Teenager Dies From Drinking A Huge Amount Of Caffeine Too Quickly

A 16-year-old boy from South Carolina named Davis Allen Cripe collapsed in April after drinking a McDonald's latte, a large Mountain Dew soft drink, and an energy drink in just under two hours.

According to Richland County coroner Gary Watts, the teenager died from a "caffeine-induced cardiac event causing a probable arrhythmia." Cripe had no known pre-existing cardiovascular condition.

While the boy weighed close to 200 lbs, he was not considered morbidly obese, Watts said.

He elaborated further: "We're not saying that it was the total amount of caffeine in the system, it was just the way that it was ingested over that short period of time, and the chugging of the energy drink at the end was what the issue was with the cardiac arrhythmia."

The primary witness could not say which brand of energy drink the teen consumed, but noted it was the size of a large soft drink.

"We're not trying to speak out totally against caffeine," Watts commented. "We believe people need to pay attention to their caffeine intake and how they do it, just as they do with alcohol or cigarettes."

The American Academy of Pediatrics warns against children and teenagers consuming energy drinks, highlighting they have side-effects such as irregular heartbeats and blood pressure changes.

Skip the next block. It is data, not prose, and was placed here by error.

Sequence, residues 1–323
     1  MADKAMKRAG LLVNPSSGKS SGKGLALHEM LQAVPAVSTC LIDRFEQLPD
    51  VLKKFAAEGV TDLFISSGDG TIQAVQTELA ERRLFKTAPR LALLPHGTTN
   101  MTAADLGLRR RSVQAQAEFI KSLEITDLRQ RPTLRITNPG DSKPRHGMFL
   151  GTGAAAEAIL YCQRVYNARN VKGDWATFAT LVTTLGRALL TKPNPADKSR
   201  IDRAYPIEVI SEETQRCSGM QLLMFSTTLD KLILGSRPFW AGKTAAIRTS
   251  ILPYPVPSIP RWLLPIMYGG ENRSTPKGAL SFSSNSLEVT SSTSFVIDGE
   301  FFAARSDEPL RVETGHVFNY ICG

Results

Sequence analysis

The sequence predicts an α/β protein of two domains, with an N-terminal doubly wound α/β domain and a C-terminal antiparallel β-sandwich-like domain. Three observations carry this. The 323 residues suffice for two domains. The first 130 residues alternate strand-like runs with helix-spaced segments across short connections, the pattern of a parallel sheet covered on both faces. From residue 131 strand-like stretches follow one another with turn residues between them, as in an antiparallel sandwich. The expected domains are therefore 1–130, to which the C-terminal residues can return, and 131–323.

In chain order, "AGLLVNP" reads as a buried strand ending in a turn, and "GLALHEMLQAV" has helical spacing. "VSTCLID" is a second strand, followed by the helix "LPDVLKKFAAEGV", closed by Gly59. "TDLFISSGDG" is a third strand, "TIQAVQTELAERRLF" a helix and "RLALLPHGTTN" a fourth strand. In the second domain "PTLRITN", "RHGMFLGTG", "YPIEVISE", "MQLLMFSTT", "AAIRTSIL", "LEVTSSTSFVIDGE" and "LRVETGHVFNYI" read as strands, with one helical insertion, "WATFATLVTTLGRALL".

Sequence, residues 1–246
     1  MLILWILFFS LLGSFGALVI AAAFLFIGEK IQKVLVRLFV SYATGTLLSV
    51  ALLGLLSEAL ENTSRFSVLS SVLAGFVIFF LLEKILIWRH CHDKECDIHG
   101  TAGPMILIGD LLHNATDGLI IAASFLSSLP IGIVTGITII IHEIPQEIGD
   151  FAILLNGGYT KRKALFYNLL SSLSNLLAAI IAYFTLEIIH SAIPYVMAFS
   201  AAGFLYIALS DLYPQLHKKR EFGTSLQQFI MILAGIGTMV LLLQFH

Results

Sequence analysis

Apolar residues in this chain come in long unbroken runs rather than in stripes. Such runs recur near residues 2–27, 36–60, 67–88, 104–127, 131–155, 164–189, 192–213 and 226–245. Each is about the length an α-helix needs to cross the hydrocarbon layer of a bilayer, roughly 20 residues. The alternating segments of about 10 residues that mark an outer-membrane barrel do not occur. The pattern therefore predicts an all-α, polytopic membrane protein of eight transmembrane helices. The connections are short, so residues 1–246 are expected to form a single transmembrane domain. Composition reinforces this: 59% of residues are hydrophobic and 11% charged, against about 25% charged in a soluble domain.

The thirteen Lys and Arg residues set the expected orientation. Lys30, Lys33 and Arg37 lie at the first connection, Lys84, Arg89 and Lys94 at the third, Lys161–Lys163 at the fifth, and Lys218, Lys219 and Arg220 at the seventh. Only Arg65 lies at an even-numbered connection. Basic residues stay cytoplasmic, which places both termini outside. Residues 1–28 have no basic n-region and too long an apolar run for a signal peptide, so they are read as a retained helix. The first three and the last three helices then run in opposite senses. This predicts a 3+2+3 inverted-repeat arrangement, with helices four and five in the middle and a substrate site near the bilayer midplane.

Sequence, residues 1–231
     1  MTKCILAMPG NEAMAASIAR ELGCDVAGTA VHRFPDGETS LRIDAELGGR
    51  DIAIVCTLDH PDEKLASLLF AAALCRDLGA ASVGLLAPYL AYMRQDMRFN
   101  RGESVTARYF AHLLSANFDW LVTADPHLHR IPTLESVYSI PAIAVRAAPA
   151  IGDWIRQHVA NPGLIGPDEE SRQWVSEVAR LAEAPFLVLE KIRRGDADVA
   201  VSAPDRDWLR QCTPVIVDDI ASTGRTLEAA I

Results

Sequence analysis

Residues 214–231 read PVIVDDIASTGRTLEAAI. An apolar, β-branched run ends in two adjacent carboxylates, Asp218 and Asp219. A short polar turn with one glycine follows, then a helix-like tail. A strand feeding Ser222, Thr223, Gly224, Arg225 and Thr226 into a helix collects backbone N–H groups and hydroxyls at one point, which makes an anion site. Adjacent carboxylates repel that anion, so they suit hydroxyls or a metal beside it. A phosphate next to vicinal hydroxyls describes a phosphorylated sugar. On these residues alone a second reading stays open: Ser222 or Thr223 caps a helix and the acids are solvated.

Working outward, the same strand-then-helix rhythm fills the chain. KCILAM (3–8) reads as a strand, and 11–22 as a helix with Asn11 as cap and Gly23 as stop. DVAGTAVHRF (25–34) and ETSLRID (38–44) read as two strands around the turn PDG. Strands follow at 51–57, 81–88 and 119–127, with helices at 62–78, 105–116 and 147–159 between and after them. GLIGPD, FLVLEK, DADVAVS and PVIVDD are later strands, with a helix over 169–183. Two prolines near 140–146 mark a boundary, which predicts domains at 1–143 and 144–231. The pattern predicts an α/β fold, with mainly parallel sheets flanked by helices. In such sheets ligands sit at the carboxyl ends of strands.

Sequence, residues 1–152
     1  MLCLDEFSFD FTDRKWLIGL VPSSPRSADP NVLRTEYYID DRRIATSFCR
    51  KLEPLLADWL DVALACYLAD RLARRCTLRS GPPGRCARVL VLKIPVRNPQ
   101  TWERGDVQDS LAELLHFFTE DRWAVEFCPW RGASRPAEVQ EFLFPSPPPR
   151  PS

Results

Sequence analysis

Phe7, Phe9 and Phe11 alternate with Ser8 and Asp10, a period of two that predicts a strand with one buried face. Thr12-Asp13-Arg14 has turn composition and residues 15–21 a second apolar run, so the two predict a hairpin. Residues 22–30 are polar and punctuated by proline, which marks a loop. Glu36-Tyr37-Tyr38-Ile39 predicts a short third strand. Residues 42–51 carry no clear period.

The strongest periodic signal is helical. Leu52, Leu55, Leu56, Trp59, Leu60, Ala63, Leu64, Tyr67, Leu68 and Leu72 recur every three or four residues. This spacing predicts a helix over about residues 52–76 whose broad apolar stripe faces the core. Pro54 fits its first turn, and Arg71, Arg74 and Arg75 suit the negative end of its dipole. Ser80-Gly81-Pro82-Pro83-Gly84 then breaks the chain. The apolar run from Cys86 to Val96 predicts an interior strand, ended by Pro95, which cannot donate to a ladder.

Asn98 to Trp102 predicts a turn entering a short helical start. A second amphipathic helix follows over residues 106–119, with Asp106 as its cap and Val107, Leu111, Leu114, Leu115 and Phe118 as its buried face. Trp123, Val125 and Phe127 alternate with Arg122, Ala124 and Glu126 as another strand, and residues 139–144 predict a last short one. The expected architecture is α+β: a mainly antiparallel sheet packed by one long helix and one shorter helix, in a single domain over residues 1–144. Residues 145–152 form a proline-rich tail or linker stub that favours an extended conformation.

Note that the majority of energy drinks contain the caffeine equivalent of three cups of coffee and up to 14 teaspoons of sugar.

As a rough estimate, Cripe could have consumed 470 mg of caffeine in less than two hours.

Keep in mind that a McDonald's latte has 142 mg of caffeine, a 570 ml (20 oz) Mountain Dew contains 90 mg, and a 450 ml (16 oz) energy drink can have as much as 240 mg of the stimulant.

The European Food Safety Authority issued a warning in 2015 that drinking more than 400 mg of caffeine may result in increased heart rate, higher blood pressure, irregular heartbeat, tremors, nervousness, insomnia, and panic attacks.

Caffeine consumed as a liquid will reach the body's central nervous system within minutes, boosting alertness and energy. However, it may also raise your heart rate and make you feel jittery or anxious.

Also, note that caffeine takes several hours to clear from your system.

Experts say that enjoying two or three cups of coffee or other caffeinated beverages is not a health risk. Consuming several hundred milligrams of the stimulant in a short period is risky.

As this sad case proves, it is possible to overdose on caffeine, and it can be fatal in a worst-case scenario.

Source: BBC
Photo: BBC

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